"It is, of course, the bouquet of large-scale home repair and re-hab. Fresh-cut lumber, clean, white PVC, the lye-sniff of Sakrete, stinging sealants, sweet tar paper, and denatured spirits. ... To my nose — once practiced in these things — nothing smells of ruin as fragrantly as the first attempts at rescue."
So says Richard Ford's once-and-present protagonist Frank Bascombe at the start of Ford's latest novel, Let Me Be Frank With You (Ecco), set in post-Sandy New Jersey. Ford, author of novels including The Sportswriter and Independence Day, is among the nation's most decorated writers, winner of a Pulitzer and more. And even as Bascombe's back between hard covers, Ford returns for a rare visit to Pittsburgh. He speaks Dec. 8 at Pittsburgh Arts & Lectures' Monday Night Lectures. Prior to Ford's evening talk, 2014 Drue Heinz Prize winner Kent Nelson visits PAL's free Writers LIVE series, in the adjoining Oakland Carnegie Library. Bill O'Driscoll 7:30 p.m. Mon., Dec. 8. Carnegie Music Hall, 4400 Forbes Ave., Oakland. $15-25. 412-622-8866 or www.pittsburghlectures.org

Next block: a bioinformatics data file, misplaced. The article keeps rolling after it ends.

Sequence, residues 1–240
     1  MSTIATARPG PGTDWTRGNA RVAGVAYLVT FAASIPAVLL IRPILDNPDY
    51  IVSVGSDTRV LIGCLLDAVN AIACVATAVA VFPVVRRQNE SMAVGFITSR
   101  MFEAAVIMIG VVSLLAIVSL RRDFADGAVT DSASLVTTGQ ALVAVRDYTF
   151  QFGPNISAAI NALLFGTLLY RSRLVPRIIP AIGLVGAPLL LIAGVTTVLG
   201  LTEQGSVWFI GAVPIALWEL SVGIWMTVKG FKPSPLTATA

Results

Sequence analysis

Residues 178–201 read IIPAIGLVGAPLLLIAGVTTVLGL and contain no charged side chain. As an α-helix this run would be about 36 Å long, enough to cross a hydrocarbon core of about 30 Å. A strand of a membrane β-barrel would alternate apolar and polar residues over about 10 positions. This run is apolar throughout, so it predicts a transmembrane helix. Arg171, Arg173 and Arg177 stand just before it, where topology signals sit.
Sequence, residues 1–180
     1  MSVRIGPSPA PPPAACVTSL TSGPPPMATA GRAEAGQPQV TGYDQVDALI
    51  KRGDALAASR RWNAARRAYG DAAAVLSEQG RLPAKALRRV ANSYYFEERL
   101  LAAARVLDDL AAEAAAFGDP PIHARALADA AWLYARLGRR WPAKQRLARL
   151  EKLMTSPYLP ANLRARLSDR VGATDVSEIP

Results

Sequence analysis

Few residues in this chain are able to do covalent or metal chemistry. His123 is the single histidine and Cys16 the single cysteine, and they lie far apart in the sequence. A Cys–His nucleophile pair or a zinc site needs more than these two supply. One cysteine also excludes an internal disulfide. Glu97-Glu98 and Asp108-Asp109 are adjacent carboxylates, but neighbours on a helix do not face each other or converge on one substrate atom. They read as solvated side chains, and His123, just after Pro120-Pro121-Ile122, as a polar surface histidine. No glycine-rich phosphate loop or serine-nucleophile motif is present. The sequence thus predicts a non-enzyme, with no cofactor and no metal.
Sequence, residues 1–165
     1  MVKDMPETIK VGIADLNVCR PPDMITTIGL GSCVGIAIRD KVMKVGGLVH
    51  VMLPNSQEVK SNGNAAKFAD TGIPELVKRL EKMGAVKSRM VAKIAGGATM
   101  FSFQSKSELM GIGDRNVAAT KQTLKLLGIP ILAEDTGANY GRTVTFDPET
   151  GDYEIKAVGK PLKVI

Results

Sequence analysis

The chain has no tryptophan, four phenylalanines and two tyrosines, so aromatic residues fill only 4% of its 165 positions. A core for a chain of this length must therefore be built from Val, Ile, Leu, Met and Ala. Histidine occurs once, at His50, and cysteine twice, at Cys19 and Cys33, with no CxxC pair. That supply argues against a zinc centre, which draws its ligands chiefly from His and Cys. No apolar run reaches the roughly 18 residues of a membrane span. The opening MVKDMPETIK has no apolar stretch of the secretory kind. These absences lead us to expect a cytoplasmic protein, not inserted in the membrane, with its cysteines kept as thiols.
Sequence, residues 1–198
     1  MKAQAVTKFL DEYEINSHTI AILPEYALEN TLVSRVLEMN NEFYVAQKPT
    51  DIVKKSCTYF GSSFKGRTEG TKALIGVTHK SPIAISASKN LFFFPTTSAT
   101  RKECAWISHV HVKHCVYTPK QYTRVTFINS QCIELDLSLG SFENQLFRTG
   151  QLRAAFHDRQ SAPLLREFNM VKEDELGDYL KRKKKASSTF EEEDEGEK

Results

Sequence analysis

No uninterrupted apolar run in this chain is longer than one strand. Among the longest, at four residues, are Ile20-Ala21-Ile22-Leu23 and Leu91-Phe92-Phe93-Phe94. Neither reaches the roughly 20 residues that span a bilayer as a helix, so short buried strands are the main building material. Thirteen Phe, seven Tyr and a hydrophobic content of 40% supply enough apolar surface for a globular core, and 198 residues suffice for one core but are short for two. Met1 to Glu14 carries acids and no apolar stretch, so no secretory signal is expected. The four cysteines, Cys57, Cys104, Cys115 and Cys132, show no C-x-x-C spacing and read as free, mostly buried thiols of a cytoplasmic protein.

One of Foreign Policy magazine's "top 100 global thinkers," geopolitical analyst and journalist Robert Kaplan uses historical perspective to discuss and predict impending conflicts and what policy should result. He visits Shady Side Academy tonight for a lecture coinciding with his latest book, Asia's Cauldron: The South China Sea and the End of a Stable Pacific. Published by Random House, Asia's Cauldron analyzes the region that Kaplan believes will dominate future geopolitical conflict, and highlights China's growing political sway. Danielle Fox 7:30 p.m. Sat., Dec. 6. 423 Fox Chapel Road, Fox Chapel. $10. 412-968-3040 or www.thehillman.org
After leaving his New York City law firm to pen mystery novels on a Greek island, Pittsburgh native Jeffrey Siger visits his home turf with Sons of Sparta (Poisoned Penn Press). This sixth installment in his chief inspector Andreas Kaldis series follows the inspector's work to Peloponnesian mountaintops, where descendants of ancient Sparta and their ancestors' vendettas still thrive. Described by the New York Times as "thoughtful police procedurals set in picturesque but not untroubled Greek locales," the series pulls from ancient and contemporary Greek society. Siger visits Mystery Lovers Bookshop tonight for a book-signing and discussion. DF 7 p.m. Fri., Dec. 5. 514 Allegheny River Blvd., Oakmont. Free. 412-828-4877 or www.mysterylovers.com